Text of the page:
ILead:Grad is a student organization lead by graduate students for graduate students. Their vision is “everybody is a leader” and they accomplish that vision by hosting workshops where graduate students can refine their personal and professional skills. I spoke to the co-chairs of ILead:Grad, Yee Wei Foong (MASc, MSE) and Muneera Chowdhury (MEng, ECE), about their experiences with leadership and reflections on leadership education.
How did you get involved with ILead?
Yee Wei (Y): I got involved with ILead in my second year of undergrad when I took APS343: Engineering Leadership with Professor Doug Reeve. I then joined various ILead programs over the years and became the Administrative Director of ILead:Grad.
Muneera (M): I became interested in ILead:Grad when I was sent an email about upcoming events. After attending these events I started to see myself in a different light. I was inspired and decided to apply for the co-chair position.
What is the advantage of leadership education for engineers?
Y: Engineering students typically come to university to gain a set of technical skills, but they also need to learn crucial soft skills that will help them succeed in their careers. To achieve this students need to know how to lead themselves. Also, as engineers we must work in team environments, so understanding the behavior of team members and having a flexible personality allows you to work better with others.
M: Self-discipline is a great factor of leadership. Sometimes engineers and other technical people get carried away with their idea and lose focus of what needs to get done. Leadership starts with the self, so if you are self-disciplined and know how to get the word across, you can excel.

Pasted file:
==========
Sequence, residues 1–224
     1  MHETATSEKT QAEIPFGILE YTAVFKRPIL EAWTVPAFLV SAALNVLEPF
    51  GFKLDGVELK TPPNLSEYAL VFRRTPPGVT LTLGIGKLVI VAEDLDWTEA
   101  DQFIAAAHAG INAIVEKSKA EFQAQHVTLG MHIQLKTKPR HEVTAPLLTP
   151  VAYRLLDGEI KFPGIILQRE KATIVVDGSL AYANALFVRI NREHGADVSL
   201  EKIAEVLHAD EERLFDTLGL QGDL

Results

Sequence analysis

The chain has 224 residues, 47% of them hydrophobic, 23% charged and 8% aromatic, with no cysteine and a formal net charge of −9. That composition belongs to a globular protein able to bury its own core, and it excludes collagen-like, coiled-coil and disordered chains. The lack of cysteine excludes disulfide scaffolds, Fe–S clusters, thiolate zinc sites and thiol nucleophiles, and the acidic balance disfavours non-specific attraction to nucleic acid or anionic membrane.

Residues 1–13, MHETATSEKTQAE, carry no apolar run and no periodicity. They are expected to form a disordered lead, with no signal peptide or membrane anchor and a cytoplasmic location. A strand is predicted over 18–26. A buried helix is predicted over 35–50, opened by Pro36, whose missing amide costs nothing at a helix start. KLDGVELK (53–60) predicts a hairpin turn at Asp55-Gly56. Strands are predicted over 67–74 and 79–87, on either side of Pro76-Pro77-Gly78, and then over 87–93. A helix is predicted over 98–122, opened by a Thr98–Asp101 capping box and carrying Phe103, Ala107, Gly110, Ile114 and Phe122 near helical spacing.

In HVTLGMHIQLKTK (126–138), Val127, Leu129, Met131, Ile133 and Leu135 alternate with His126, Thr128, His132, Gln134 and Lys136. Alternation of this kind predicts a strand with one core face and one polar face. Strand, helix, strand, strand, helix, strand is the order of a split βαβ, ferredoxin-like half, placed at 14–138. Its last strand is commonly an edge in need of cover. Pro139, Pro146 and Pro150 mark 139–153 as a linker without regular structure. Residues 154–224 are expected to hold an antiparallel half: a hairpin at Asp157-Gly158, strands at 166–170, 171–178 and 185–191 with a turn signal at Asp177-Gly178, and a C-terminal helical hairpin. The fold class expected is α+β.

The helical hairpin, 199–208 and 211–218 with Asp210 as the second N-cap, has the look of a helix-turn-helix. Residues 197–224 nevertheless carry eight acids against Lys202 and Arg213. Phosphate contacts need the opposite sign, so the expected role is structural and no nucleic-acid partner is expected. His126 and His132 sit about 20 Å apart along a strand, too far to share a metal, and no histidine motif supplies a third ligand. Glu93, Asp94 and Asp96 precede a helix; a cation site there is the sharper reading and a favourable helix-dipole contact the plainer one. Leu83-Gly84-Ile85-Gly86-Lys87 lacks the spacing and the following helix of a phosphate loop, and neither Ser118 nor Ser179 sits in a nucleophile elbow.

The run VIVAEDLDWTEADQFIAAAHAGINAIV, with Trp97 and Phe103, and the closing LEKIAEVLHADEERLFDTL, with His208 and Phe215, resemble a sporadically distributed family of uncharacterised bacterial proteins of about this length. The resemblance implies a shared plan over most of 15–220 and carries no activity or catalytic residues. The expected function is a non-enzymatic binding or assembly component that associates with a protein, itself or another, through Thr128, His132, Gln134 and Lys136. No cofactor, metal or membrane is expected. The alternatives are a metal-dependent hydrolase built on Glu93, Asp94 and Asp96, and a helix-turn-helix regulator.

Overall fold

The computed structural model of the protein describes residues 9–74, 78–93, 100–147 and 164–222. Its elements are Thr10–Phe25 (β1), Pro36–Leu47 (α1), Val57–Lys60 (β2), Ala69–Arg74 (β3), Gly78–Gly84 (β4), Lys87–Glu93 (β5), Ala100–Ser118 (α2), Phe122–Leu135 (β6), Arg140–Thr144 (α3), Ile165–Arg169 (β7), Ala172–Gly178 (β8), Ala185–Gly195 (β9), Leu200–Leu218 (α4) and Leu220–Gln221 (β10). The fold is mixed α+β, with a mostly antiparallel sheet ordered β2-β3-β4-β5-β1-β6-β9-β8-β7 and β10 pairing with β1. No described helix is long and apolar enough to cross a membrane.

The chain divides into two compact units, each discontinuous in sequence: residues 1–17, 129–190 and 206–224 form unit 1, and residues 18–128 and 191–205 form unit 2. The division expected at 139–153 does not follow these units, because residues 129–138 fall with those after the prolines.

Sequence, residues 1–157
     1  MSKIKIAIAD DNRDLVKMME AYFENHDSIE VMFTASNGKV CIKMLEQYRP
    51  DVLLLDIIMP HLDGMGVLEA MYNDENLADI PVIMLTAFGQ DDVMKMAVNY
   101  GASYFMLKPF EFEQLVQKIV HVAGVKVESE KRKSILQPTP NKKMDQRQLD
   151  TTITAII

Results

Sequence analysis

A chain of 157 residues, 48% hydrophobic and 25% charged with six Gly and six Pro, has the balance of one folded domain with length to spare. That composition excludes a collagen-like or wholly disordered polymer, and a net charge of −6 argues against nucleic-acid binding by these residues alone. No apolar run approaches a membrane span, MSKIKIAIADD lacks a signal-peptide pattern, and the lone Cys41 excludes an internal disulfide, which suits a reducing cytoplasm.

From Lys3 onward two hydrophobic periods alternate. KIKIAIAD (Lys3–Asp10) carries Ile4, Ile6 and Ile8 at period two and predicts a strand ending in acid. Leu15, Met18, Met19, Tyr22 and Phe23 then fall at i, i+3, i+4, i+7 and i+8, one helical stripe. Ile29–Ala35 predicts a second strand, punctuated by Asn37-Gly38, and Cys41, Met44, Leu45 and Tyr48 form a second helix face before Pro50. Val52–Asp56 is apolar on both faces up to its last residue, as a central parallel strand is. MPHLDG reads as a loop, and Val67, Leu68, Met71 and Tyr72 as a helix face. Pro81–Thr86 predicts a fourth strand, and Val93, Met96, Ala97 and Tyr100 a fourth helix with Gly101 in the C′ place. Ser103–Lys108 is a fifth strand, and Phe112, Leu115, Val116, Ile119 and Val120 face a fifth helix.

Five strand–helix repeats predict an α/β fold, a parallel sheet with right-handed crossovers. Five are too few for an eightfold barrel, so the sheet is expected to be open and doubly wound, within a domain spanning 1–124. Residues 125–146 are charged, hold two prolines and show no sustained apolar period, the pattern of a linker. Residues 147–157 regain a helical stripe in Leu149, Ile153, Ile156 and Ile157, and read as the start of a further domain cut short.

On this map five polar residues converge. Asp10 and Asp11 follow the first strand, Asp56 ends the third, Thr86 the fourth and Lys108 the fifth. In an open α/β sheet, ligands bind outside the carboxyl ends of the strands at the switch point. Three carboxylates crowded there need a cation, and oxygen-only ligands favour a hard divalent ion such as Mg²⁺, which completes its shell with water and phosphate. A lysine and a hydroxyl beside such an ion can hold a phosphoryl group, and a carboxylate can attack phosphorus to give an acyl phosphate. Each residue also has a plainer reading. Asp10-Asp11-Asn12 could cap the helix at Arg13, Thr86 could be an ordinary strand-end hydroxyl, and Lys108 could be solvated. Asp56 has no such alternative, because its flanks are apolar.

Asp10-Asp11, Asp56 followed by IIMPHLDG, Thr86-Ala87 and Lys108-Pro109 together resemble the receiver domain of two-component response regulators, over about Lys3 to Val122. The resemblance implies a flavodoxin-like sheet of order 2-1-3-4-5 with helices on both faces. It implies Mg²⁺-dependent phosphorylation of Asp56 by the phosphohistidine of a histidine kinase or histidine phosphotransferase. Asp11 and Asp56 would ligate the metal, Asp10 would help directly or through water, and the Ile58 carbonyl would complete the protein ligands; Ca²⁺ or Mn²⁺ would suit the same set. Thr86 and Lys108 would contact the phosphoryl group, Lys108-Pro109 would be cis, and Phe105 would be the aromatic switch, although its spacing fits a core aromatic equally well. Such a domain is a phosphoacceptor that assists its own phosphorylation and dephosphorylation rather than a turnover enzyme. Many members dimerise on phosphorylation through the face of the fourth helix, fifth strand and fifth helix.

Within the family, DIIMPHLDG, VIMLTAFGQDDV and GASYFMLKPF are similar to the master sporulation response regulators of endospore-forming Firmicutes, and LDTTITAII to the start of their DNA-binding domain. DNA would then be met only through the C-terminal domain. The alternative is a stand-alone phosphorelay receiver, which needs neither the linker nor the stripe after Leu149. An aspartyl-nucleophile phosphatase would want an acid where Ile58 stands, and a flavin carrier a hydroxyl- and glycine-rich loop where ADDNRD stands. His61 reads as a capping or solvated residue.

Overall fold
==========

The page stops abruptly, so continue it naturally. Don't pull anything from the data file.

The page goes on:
How do you and your team work together to achieve the goals of ILead:Grad?
Y: We established our team’s core values by asking everybody on the team what their core values are and then picking one that resonated with everyone. We then used this to establish our vision for the year. In this way everyone feels like they belong to the team and are connected and committed.
M: We also recently started the Team Caring Project. We have regular, informal check-ins with team members individually to make sure they are happy and satisfied, as well as gather more candid feedback. We feel that it is important for us to connect to our team on a deeper level so they can feel more engaged.
How has learning leadership skills benefited you in life, school, and work?
Y: As a grad student you have to take ownership of your own project and learning. After I started learning about leadership I discovered my values, how to manage my time, and how to interact professionally with people in positions of power. But most importantly, I also understand how to talk to people in a way that relates to them and speak about topics that match their desires and values in order to create better connections.
M: In group projects in school and my internship I try to listen to everyone to see what they want to do and what they have to contribute. My communication skills have improved and I know how to confront people without offending them and still ensures all the work gets done.
What does leadership mean to you?
Y: To understand yourself and your core values, as well as inspire others to achieve higher values.
M: Self learning – how to bring out the best in you and others.
How do you work towards becoming better leaders?
Y: Constant self reflection. I consistently look for ways to improve and reflect over things that went well. I also talk to people about the importance of leadership to them. And of course by reading books, talking to mentors, and listening to inspiring people.
M: Becoming a leader is a constant learning process. I push myself towards becoming a better leader by listening to inspiring ideas.